Hey FC Parents,
Came across this article on the weekend and thought you might find it interesting.
Critical Thinking Skills Are Necessary
(In These Not-So-Innocent Times)
Fake news, conspiracy theories and world leaders that lie on a daily basis are just a few of the reasons why it is important.
Fake news, conspiracy theories, online bullying of youthful innocents involved in catastrophes and world lenders that lie on a daily basis are just a few of the reasons why it is more important than ever to help your child develop critical thinking skills. Our world is changing at a rapid pace and the only way to deal with it is to prepare for it. There are many reasons why parents and educators should embed the teaching of critical thinking in their every day and there are many simple ways to achieve the goal.
Why critical thinking skills?
Critical thinking is an important aspect of the deep learning strategies. It is yet another way to help your child learn how to learn, as outlined in a TED talk by Marc Chun, Program Officer in Education for the Hewlett Foundation.
The Global Partnership New Pedagogies For Deep Learning states that critical thinking teaches children to evaluate information and arguments, determine patterns and make connections, all of which have real-world application. Training your child to be curious, challenge the obvious and question opinions will have lifelong benefits. The world is not going back to more innocent times. The genie is out of the bottle. Your child will grow up in this world.
Curiosity will help your child develop flexible thinking and look beyond the obvious.
How to encourage critical thinking
Begin with Fostering curiosity.The link provides relatively simple ways to encourage curiosity. Open-ended play and allowing them to explore a toy instead of explaining how it works are just two examples. It is a key element of critical thinking. Curiosity will help your child develop flexible thinking and look beyond the obvious.
A starting point with teens — ask them about the “fake news” and famous people supposedly “gone too soon” that appear on their social media sites. Encourage them to question assumptions and evaluate the credibility of information they see. Pique their curiosity by drawing attention to the plethora of fake news. Ask them why it is given space on social media.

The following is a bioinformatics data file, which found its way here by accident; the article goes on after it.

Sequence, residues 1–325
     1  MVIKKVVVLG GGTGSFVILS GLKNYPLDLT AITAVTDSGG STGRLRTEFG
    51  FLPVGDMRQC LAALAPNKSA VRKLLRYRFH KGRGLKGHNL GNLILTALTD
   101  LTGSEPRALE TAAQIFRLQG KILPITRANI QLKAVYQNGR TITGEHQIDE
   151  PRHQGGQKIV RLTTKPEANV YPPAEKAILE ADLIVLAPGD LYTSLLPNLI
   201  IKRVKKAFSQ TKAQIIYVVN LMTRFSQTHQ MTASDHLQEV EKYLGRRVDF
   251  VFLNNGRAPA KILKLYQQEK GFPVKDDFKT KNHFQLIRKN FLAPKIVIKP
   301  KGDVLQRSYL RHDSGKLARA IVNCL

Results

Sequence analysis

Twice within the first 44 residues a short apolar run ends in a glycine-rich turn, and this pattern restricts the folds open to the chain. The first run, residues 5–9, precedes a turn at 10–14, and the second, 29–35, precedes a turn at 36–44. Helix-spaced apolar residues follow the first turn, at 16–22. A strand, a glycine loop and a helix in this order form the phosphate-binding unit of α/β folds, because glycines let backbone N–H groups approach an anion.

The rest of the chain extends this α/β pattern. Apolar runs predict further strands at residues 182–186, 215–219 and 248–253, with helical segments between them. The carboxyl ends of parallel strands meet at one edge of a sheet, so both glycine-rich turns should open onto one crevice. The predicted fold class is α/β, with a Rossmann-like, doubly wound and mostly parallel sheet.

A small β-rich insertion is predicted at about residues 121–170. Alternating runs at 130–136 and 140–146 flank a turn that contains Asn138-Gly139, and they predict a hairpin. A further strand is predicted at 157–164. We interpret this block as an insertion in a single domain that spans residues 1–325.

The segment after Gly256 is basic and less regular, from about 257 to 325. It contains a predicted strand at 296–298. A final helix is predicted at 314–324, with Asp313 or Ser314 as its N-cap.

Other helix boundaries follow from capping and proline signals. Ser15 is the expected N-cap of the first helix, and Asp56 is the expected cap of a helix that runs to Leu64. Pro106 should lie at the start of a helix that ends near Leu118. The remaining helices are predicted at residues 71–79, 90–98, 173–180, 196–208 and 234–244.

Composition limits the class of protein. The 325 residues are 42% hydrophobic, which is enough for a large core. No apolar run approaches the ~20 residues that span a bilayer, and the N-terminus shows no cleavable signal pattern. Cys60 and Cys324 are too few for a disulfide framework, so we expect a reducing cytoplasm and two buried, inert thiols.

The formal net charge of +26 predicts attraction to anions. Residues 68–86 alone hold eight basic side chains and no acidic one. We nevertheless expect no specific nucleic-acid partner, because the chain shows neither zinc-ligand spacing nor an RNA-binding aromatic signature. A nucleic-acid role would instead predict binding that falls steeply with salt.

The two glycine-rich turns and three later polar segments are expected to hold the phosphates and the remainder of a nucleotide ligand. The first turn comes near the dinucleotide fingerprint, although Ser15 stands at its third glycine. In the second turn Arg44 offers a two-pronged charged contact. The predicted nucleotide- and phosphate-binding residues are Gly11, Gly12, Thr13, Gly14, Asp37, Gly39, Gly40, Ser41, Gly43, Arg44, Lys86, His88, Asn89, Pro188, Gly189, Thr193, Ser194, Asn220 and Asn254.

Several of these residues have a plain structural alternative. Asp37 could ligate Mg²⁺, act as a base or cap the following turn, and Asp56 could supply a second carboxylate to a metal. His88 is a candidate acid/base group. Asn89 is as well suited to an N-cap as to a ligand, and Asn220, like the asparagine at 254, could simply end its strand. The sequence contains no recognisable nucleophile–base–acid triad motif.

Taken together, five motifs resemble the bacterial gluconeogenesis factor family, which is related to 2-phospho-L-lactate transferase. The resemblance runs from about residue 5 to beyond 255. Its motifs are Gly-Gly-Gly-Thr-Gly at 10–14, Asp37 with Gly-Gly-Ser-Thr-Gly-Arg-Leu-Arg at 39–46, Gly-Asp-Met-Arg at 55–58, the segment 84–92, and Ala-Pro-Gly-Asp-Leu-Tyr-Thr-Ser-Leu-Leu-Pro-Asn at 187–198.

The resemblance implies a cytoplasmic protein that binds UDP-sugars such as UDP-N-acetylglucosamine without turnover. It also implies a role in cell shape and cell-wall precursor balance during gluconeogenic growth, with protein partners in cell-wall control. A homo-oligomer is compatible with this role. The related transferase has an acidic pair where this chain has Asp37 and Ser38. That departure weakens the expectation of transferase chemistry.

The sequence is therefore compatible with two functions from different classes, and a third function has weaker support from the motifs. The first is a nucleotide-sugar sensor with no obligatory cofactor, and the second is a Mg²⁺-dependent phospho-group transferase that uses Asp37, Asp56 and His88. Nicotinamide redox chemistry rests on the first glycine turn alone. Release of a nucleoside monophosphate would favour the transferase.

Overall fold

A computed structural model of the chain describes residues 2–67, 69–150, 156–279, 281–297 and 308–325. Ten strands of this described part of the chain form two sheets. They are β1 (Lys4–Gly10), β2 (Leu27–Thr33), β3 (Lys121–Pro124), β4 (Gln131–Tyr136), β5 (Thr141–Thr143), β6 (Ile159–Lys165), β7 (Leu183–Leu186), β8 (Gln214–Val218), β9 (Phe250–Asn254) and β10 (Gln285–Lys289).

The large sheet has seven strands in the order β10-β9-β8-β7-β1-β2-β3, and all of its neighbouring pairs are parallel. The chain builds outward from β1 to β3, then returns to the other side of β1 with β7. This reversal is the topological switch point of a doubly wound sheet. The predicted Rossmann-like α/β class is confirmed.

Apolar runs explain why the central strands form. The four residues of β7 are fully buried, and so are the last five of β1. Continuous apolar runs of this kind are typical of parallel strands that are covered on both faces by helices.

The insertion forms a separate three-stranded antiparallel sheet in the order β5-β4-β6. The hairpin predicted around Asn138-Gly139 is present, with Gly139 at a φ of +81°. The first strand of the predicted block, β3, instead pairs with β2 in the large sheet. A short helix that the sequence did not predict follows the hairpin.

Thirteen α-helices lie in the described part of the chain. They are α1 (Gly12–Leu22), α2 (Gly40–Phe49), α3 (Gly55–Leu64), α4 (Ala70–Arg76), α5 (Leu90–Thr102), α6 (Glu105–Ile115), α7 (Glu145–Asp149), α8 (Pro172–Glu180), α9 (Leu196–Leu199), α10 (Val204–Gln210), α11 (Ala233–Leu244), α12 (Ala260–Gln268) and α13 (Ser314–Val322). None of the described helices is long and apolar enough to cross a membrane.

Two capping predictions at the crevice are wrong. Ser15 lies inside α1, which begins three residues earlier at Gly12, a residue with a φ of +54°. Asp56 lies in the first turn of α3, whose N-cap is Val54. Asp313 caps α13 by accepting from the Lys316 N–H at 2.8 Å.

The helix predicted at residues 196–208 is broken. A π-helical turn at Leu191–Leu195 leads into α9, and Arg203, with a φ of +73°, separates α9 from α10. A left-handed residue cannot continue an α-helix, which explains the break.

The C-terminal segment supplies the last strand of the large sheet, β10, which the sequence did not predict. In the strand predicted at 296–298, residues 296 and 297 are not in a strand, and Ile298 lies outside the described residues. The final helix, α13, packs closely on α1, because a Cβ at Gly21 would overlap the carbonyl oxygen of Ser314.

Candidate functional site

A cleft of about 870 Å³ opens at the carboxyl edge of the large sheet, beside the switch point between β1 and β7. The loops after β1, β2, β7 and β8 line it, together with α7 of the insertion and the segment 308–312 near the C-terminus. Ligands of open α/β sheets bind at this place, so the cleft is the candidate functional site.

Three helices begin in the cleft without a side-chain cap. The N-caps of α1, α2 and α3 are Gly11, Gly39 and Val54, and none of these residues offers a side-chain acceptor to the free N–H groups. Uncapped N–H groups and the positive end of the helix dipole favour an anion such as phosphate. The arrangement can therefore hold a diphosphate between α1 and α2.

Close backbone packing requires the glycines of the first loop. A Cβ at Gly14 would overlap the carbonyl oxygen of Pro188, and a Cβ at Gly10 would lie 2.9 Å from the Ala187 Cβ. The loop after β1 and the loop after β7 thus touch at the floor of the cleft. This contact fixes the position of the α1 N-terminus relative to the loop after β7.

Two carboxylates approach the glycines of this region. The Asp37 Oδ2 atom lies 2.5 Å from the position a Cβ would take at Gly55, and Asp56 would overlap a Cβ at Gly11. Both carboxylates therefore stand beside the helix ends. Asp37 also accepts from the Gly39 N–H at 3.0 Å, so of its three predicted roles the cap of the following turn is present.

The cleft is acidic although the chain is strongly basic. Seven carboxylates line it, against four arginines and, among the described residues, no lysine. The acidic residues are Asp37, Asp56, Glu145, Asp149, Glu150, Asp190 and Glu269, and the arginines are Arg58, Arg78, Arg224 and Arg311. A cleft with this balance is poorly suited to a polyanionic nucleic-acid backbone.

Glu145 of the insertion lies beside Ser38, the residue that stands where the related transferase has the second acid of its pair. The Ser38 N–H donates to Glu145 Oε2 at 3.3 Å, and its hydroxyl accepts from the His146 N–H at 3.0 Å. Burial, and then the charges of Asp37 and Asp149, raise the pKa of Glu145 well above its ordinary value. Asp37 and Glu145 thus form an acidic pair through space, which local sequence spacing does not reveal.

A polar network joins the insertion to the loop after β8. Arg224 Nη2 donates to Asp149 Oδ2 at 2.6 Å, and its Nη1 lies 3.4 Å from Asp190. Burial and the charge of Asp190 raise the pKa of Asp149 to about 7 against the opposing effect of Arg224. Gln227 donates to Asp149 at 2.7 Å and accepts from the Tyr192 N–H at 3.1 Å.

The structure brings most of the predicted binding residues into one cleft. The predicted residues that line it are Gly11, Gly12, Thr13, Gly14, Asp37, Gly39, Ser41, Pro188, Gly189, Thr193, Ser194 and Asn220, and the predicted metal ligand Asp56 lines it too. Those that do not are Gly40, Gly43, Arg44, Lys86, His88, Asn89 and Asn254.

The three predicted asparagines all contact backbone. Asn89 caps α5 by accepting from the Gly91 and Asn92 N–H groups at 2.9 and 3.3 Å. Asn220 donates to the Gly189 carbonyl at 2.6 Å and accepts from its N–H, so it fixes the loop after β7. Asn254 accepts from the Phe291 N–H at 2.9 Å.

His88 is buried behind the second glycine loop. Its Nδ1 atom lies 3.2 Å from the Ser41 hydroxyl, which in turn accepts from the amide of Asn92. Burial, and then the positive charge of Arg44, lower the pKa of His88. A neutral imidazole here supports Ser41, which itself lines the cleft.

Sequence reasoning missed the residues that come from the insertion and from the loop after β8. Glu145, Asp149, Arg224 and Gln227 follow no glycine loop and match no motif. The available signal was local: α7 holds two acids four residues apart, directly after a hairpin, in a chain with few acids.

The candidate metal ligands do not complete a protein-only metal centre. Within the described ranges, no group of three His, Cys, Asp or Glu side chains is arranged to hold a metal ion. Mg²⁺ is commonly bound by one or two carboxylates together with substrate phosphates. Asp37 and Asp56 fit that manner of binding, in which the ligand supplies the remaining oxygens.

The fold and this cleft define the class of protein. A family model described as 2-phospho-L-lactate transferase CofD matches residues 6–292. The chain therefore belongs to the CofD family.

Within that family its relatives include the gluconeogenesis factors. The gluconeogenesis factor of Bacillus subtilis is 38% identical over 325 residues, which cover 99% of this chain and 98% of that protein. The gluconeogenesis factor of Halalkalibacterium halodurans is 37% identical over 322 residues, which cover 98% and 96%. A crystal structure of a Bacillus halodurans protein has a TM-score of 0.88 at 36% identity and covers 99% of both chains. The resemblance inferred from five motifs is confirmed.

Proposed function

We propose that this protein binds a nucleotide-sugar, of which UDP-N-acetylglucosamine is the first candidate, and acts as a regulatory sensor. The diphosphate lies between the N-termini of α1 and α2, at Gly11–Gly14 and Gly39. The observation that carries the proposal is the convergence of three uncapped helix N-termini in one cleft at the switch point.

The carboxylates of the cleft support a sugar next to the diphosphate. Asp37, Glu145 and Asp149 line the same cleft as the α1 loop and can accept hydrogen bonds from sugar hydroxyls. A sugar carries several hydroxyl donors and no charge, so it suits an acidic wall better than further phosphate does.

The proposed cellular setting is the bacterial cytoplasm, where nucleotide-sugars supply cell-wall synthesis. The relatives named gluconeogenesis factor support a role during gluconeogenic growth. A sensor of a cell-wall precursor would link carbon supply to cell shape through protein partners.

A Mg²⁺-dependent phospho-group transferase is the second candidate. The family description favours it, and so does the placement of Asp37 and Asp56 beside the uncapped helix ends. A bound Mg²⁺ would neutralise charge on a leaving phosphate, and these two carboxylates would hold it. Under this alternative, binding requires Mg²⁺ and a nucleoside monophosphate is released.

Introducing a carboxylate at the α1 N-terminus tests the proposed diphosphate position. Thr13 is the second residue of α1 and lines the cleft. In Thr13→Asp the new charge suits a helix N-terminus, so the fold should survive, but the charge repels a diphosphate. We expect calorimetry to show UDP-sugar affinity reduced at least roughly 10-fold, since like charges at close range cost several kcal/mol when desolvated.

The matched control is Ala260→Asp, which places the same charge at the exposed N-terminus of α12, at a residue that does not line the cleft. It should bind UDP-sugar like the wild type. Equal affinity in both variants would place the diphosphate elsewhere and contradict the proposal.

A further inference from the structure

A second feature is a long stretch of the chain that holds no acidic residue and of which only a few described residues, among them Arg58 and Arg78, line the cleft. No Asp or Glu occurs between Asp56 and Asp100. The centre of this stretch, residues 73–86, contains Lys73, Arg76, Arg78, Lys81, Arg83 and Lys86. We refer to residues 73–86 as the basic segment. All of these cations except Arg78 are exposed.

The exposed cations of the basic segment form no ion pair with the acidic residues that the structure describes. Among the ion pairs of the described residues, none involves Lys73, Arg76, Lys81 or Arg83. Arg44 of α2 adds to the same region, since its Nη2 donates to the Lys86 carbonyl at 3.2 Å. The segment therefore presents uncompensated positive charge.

Tim Berners-Lee, creator of the world wide web, sounded an alarm recently. There are just a few platforms like Facebook, Google and Twitter controlling which ideas are seen and shared. It is an unregulated Wild West of sometimes dubious information. Critical thinking skills are needed to decipher fact from fake. This world wide web is the world of your child.
Have some fun with lively debate
Another simple way to develop critical thinking is through debate. A mealtime conversation can be found in any topic. Perhaps your town wants to build a new skating rink, and your child supports the idea. Have them take the opposite point of view and defend the people who do not want a new ice rink. This type of oppositional thinking can be a lively way to encourage deep learning. You can readily pick from the everyday. Your child’s first cellphone would be another great family debate topic.
Draw attention to generalizations
Common reasoning fallacies such as hasty generalizations are another subset of critical thinking. An example could be the notion of arming one million teachers to solve violence in schools. Who decided that number, and why was it offered as a possible solution? Are there any consequences? Critical thinking requires you to think all the way around the information presented, and not take anything at face value.
If someone offers an opinion, then consider their motives.
Headlines that provoke and biases that distort opinion
Inflammatory headlines colour the description of a situation and try to colour the reader’s thinking. Help your child learn to identify that type of language. They want to cut through the hype to the facts. What informs a discussion and what is superfluous? Critical thinking requires independent assessments of situations.
Look at Biases. If someone offers an opinion, then consider their motives. The hypothetical family debate about the town skating rink might be an opportunity to teach about biases. If your child plays hockey or figure skates then they have a reason to be biased. It plays into their opinion about the need for the new skating rink in town. This is a simple, real-life example.